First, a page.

Meditation and mindfulness practices enhance focus and provide peaceful respite as we pursue careers, excel in school, or manage busy families. But it might also have positive impacts on the challenges faced by more vulnerable populations.
Let’s look at some research that indicates meditation may be of benefit to children and aging adults.
Meditation for Children Dealing with Trauma
Research finds that children prone to worry, depression, and lack of focus could benefit from simple meditative practices.
The researchers explained how they conducted the study:
“In our study, we compared a simple form of distraction – counting backward from 10 – with two relatively simple forms of meditation: focused attention to the breath and mindful acceptance. Children in an MRI scanner had to use these techniques while watching distress-inducing video clips, such as a child receiving an injection.”
The research is intended to help demonstrate that mindfulness and meditation can become suitable interventions for children managing chronic illness, as well as their siblings. It is also relevant for students navigating the ongoing challenges left in the wake of the pandemic.
Read more: Meditation reduces brain activity in the default mode network in children with active cancer and survivors, August 2022.
Meditation May Slow Cognitive Decline in Older Adults
Older adults may be better at overall acceptance and stress management, but it’s difficult to retain speed and accuracy in reasoning as we age.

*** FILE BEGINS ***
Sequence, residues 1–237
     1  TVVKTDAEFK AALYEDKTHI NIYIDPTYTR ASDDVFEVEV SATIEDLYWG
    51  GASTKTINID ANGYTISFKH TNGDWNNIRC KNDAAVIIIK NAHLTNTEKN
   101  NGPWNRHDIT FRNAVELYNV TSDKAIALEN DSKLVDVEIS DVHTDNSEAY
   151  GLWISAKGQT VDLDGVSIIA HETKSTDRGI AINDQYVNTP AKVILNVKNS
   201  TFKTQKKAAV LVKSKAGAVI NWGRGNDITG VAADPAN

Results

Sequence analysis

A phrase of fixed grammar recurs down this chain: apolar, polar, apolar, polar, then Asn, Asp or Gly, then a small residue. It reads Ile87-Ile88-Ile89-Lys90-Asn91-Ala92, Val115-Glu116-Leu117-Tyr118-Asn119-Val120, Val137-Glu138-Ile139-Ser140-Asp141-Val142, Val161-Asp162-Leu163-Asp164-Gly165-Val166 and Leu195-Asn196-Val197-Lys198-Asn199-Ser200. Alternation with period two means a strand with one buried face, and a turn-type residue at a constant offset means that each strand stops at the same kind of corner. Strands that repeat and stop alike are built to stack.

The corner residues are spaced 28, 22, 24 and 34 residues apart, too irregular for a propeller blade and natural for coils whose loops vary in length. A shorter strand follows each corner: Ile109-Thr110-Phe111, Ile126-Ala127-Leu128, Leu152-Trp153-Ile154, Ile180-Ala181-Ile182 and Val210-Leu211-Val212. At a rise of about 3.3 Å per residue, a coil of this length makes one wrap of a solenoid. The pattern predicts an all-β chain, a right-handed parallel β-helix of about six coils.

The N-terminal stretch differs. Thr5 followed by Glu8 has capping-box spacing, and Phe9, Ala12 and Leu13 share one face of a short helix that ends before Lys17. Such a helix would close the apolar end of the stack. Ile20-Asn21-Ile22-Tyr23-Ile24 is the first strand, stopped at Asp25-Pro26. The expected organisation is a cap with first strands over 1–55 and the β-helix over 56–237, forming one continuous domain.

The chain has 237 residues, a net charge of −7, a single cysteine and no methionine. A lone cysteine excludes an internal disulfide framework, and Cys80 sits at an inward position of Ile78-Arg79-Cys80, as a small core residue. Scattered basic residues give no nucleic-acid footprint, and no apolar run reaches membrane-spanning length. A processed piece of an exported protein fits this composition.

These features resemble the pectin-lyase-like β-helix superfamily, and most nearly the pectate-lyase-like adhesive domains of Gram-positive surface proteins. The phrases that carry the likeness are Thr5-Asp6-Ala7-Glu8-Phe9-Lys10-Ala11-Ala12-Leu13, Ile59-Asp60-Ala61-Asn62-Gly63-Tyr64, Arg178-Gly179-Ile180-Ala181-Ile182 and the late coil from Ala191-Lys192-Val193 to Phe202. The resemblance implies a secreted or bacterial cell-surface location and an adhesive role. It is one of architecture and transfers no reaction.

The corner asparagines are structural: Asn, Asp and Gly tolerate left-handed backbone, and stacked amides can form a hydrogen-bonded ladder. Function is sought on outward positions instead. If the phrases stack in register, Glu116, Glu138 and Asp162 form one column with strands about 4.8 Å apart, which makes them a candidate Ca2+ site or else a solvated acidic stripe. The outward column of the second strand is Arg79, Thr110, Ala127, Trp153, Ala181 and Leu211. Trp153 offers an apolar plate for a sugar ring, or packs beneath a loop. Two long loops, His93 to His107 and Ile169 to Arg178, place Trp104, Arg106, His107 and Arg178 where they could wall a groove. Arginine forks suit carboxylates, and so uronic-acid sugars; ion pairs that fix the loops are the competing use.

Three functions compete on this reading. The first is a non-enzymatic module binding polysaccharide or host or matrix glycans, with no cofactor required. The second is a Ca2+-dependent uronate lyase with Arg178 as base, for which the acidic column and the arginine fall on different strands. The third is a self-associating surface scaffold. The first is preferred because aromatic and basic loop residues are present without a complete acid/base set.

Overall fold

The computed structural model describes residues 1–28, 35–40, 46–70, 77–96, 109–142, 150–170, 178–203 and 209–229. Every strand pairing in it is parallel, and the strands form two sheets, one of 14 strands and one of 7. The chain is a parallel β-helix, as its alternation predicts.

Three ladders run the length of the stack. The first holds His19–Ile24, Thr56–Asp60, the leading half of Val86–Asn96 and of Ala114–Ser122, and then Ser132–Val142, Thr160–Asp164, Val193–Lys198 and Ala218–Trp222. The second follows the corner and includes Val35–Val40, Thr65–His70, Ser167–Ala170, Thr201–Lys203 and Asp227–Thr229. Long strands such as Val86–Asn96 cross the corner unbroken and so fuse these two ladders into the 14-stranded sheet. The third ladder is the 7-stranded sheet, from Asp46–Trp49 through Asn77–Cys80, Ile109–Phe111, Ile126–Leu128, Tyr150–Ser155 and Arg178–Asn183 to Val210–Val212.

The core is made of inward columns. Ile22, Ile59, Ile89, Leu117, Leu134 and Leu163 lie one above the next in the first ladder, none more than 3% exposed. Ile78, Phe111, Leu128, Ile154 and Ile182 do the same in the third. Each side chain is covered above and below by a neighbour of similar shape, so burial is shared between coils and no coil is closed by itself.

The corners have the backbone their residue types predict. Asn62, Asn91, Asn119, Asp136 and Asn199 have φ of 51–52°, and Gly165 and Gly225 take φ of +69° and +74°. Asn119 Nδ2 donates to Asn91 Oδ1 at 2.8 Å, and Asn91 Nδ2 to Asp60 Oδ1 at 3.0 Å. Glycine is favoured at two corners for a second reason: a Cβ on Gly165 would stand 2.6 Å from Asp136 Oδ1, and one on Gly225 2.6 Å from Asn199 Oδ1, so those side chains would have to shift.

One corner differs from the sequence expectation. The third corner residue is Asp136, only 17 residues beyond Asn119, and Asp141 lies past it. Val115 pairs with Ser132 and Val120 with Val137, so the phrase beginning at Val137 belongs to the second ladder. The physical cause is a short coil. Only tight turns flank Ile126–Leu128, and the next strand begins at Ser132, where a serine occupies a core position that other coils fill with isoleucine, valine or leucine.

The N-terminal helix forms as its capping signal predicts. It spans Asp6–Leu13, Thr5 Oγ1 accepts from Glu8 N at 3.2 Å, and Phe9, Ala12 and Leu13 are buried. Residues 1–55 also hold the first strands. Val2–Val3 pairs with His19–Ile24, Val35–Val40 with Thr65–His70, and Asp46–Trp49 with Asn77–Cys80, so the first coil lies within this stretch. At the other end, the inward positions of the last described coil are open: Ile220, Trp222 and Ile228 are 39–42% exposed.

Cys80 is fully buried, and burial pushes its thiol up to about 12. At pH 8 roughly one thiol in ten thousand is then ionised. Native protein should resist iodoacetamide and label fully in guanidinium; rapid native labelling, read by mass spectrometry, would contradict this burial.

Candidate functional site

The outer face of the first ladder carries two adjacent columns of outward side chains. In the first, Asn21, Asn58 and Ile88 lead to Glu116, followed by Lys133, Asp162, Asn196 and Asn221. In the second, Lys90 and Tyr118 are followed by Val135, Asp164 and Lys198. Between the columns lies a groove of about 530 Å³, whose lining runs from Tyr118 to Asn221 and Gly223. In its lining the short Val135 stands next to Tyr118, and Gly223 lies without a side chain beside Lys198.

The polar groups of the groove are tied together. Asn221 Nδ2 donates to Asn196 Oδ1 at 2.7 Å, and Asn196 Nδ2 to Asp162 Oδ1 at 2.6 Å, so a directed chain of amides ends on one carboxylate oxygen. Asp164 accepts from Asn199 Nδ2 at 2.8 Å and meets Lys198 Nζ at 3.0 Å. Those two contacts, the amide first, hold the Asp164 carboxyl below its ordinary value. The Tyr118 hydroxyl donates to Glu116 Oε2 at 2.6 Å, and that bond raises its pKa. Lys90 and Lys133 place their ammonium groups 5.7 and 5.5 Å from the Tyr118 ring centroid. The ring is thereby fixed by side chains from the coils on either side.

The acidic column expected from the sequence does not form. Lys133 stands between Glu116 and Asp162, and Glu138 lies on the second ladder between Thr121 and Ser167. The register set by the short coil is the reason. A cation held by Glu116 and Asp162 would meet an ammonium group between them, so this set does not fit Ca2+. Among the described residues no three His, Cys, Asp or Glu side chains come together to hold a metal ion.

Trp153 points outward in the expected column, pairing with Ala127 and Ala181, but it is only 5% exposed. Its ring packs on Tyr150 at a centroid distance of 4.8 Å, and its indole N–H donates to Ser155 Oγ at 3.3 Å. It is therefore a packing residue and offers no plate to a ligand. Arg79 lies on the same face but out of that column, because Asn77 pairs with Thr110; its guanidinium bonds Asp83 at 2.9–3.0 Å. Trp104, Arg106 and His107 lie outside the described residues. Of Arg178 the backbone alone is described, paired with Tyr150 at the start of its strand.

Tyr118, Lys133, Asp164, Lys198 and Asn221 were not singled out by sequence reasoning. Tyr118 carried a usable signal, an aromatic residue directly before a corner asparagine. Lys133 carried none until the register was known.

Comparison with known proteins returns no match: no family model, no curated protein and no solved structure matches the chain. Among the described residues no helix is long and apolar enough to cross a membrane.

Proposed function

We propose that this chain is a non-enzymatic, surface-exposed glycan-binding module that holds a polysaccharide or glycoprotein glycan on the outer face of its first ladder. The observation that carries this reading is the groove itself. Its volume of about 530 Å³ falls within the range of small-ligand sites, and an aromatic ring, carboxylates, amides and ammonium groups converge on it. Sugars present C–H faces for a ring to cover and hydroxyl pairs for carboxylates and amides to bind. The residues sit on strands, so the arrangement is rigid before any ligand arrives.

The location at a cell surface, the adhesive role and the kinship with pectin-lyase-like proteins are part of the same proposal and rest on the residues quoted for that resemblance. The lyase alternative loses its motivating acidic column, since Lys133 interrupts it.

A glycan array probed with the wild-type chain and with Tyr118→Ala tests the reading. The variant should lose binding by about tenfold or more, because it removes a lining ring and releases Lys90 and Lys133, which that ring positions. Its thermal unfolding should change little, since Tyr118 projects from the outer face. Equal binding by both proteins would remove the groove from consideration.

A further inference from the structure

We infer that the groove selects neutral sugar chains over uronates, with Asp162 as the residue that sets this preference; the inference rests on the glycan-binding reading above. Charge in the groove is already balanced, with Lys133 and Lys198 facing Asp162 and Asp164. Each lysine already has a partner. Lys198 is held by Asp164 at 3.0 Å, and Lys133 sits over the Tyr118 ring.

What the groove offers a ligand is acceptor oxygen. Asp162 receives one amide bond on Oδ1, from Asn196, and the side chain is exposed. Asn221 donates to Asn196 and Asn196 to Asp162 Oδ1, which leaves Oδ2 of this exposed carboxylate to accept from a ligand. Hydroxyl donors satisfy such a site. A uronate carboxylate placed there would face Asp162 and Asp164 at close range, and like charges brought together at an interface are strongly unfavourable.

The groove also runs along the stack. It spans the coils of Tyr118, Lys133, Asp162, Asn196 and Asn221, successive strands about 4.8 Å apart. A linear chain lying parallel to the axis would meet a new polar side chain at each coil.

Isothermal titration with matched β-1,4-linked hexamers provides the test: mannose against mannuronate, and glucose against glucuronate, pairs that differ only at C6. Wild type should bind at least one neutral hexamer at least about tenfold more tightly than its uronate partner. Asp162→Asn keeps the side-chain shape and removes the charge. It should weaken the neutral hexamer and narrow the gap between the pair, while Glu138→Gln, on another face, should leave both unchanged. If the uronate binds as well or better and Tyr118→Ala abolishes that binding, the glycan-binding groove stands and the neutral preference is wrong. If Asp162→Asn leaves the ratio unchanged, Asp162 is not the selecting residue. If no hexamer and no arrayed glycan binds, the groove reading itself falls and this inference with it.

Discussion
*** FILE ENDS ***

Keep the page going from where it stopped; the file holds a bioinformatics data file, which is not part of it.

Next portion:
Over the past few decades, much research has indicated that mindfulness and meditation may increase cognitive capabilities in older adults.
But more than that, studies seem to suggest it can be both prevention and treatment. One study finds that healthy older adults can improve cognition with mindfulness by strengthening connectivity in the brain that naturally degrades with age.
Furthermore, encouraging studies have found that older adults already in the early stages of memory disorders can benefit from meditation. With just eight weeks of daily 12-minute practice, participants enjoyed marked improvements in mood and anxiety.
Start Healing Today
More research is needed to strengthen the link between meditation and healing in vulnerable populations, but so far, the findings are encouraging.
What is clear is that there are no drawbacks to adding mindfulness and meditation to a routine. Whether it be short mindfulness practices, classic silent meditations, or sound healing sessions, all it takes is a short, daily commitment to a healthier future.
What do you think of this research? How has your mindfulness practice helped you? Let us know in the comments.
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